Sunday, November 18th | 10 Kislev 5779

October 11, 2011 10:50 am

Syrian Jews Celebrate History and Heritage at Lincoln Center Screening

avatar by Maxine Dovere

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The sons of Joseph Sitt welcomed their father to the stage of Avery Fischer Hall. The oldest, Jack, named for his paternal grandfather described his strong connection to his community. Photo: Maxine Dovere.

3000 members of the Syrian Jewish community and their friends gathered in Avery Fisher Hall at Lincoln Center October 9 to view a cinematic history of the community from 1920 through 1939. A series of intimately personal interviews combined with a documentary style presentation of images and narrative, memories and reminiscences, provided the “script” of this informative film.

Welcomed by Joseph Sitt, CEO of Thor Equities and founder of the Sephardic Jewish Heritage Museum, the highly inter-connected audience heard him speak of the valuable heritage the generations past have bequeathed to its current and future descendants. “We will follow you,” pronounced Sitt, “to work better for the next generation, to go to the next level and the next, extoling your values.” He spoke of the community’s commitment to its rich and robust traditions focused on the values of family, Judaism, education, strong community, tzedakah (charity) and hard work.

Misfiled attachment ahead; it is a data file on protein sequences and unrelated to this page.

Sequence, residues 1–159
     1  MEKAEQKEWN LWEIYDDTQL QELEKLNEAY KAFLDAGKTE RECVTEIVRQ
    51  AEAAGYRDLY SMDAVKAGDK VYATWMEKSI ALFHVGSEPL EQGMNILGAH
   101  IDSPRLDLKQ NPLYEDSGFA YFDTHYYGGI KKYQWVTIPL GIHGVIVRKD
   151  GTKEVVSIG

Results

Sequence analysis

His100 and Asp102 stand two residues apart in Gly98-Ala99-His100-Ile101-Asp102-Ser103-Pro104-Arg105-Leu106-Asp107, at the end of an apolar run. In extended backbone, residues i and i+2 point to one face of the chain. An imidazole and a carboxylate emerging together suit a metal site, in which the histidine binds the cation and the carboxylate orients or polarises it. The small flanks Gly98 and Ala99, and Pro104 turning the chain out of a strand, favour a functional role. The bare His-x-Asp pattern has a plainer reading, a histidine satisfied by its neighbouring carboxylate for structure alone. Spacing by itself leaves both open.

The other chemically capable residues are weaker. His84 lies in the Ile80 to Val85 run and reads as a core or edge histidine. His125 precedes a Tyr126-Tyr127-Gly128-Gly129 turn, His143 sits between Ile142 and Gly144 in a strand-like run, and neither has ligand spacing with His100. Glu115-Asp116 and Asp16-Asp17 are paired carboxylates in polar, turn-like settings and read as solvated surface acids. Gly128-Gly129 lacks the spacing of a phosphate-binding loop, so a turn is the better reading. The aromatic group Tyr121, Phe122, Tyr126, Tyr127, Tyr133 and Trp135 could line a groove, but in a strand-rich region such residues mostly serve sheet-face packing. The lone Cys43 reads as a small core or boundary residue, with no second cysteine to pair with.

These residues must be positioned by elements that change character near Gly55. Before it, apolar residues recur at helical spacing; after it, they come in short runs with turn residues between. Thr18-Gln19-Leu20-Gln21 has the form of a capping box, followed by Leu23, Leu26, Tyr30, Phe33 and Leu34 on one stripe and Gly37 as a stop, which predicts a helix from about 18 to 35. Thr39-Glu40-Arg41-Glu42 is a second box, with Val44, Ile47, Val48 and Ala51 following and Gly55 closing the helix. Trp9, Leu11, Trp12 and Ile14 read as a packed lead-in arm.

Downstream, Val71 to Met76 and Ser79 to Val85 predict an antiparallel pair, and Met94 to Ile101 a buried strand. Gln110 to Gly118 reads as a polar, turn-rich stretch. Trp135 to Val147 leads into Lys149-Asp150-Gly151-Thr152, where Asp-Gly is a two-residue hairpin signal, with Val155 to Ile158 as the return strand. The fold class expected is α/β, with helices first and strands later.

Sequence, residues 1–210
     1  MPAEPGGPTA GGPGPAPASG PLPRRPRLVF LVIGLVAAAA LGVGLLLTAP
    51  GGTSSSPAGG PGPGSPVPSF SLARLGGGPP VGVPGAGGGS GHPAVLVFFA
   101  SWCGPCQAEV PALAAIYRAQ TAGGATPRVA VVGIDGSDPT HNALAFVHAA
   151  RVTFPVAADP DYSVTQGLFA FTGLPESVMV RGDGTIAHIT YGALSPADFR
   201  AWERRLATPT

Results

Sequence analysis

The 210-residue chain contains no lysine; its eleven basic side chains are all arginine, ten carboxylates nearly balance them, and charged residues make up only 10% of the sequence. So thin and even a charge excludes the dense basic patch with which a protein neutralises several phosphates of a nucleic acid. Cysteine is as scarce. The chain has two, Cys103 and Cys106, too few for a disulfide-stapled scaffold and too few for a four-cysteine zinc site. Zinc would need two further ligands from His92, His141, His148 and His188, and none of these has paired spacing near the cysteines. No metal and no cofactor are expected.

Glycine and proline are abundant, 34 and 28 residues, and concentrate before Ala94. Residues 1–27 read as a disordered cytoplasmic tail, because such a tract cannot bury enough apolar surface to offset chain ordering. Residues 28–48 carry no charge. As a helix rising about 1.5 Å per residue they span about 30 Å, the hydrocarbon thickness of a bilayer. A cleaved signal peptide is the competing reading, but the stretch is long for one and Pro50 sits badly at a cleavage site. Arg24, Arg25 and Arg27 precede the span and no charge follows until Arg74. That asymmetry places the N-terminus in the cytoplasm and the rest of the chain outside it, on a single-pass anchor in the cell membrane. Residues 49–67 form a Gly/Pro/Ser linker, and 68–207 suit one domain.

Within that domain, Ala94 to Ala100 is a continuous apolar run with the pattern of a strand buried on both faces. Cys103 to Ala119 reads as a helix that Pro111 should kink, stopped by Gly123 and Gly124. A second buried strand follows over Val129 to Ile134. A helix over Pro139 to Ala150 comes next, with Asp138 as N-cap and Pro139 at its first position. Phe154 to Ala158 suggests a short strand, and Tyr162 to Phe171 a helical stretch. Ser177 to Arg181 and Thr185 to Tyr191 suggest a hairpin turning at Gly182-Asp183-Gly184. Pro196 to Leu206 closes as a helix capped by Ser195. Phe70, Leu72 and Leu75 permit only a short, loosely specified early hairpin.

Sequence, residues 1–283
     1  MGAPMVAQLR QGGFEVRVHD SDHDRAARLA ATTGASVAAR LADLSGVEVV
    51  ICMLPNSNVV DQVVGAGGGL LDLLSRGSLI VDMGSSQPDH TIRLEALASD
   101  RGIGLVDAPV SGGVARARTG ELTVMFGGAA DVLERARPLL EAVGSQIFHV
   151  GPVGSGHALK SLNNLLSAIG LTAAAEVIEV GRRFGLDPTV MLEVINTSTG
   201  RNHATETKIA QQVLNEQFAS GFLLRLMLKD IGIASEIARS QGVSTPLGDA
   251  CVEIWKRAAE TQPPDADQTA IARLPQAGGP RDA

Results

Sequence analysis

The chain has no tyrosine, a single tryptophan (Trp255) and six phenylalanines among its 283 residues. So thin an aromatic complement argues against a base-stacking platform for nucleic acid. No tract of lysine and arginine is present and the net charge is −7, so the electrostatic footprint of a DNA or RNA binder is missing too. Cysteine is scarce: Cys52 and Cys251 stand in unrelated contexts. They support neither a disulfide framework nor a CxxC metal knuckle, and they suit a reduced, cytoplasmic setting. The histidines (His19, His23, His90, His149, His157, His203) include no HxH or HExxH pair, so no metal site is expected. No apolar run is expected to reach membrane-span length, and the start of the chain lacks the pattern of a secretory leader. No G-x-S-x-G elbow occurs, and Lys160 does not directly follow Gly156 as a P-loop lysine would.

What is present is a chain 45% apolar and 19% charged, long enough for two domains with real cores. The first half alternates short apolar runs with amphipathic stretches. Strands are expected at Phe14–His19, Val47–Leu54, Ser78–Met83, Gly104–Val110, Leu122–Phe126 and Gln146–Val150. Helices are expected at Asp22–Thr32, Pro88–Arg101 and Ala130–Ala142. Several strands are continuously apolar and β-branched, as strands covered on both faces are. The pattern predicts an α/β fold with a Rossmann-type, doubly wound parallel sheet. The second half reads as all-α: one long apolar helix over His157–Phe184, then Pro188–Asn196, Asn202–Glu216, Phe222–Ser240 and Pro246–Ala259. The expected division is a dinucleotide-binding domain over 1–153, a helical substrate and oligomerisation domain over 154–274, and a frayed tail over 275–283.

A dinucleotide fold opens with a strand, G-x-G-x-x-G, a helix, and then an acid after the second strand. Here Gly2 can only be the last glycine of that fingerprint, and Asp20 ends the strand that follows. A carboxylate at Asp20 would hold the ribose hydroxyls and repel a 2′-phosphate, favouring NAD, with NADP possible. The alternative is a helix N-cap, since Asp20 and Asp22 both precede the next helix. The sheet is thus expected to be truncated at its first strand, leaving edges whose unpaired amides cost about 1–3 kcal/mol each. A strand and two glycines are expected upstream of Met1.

Sitt thanked the Texas based team now exploring Syrian Jewish roots in ancient Lebanon, the caves of Turkey, Syria, and Greece. The museum founder promised that “tens of thousands of square feet will be filled with thousands of artifacts and images” so that the community can “come together, walk in and touch our heritage.”

The Sunday screening was “Episode Three” in a series depicting the Sephardic Syrian Jewish community’s history in America. This section traced the community’s migration from the Lower East Side, to Williamsburg and then to Bensonhurst, describing  “a community that helped each other, that looked out for each other and passed on its values to the next generation, a setting in which anything seemed possible.”  The series of films, said Sitt, will be “a legacy to our children and our grandchildren.” The full house at Avery Fisher Hall symbolized the “unified and growing spirit and physical growth of the Syrian Sephardic Jewish community.”

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